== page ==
Poll: Majority Supports Supreme Court’s Affirmative Action Ruling

The U.S. Supreme Court’s recent decision restricting the use of affirmative action in college admissions has sparked backlash from leftist activists and academics.

Among the general public, however, even ABC News acknowledged that a majority of Americans approve of the ruling.

According to a survey conducted by Ipsos for the broadcast network, 52% of respondents said they supported the high court’s decision. Fewer than one-third of those surveyed disapproved and another 16% did not have an opinion.

Of course, the level of support varied significantly across demographic lines, with three fourths of Republicans and 58% of independents giving the decision a nod of approval. Even among Democrats, more than one-fourth said they approve.

A majority of White and Asian respondents — 60% and 58%, respectively — indicated support for the ruling. Approval and disapproval among Hispanics was split evenly at two-fifths each. One-fourth of Blacks surveyed said they agreed with the ruling.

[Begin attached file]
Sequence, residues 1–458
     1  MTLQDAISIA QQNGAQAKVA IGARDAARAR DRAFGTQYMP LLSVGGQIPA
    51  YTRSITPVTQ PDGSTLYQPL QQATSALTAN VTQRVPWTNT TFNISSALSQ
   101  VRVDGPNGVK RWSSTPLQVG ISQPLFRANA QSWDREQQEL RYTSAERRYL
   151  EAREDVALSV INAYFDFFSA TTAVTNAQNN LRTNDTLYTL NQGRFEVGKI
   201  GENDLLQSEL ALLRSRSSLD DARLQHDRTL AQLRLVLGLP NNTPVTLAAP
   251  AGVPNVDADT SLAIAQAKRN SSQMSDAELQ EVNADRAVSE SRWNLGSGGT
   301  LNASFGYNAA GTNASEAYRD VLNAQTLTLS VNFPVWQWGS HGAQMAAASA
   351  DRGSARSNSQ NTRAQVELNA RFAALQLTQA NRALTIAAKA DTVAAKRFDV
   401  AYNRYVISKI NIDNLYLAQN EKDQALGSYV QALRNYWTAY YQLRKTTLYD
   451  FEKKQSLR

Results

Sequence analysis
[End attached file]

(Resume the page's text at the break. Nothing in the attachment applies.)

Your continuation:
Although the court determined the affirmative action policies of Harvard University and the University of North Carolina violated the Constitution’s equal protection clause prohibiting racial discrimination, the ruling did not completely ban any consideration of race in the admissions process.

Any such consideration, however, must be made on an individual level rather than based on the race as a whole.

As Chief Justice John Roberts wrote: “A benefit to a student who overcame racial discrimination, for example, must be tied to that student’s courage and determination. Or a benefit to a student whose heritage or culture motivated him or her to assume a leadership role or attain a particular goal must be tied to that student’s unique ability to contribute to the university.”

Justice Ketanji Brown Jackson penned a dissent for the court’s liberal minority that denounced the notion that college admissions should be “colorblind.”

She suggested that allowing merit to be the deciding factor for acceptance to colleges would “delay the day that every American has an equal opportunity to thrive, regardless of race.”

Although Jackson’s opposition to colorblindness in this process runs contrary to the iconic dissent in the Plessy v. Ferguson decision that established “separate but equal” laws for Black Americans, Vice President Kamala Harris gushed that the opinion was among the “most brilliant” ever written.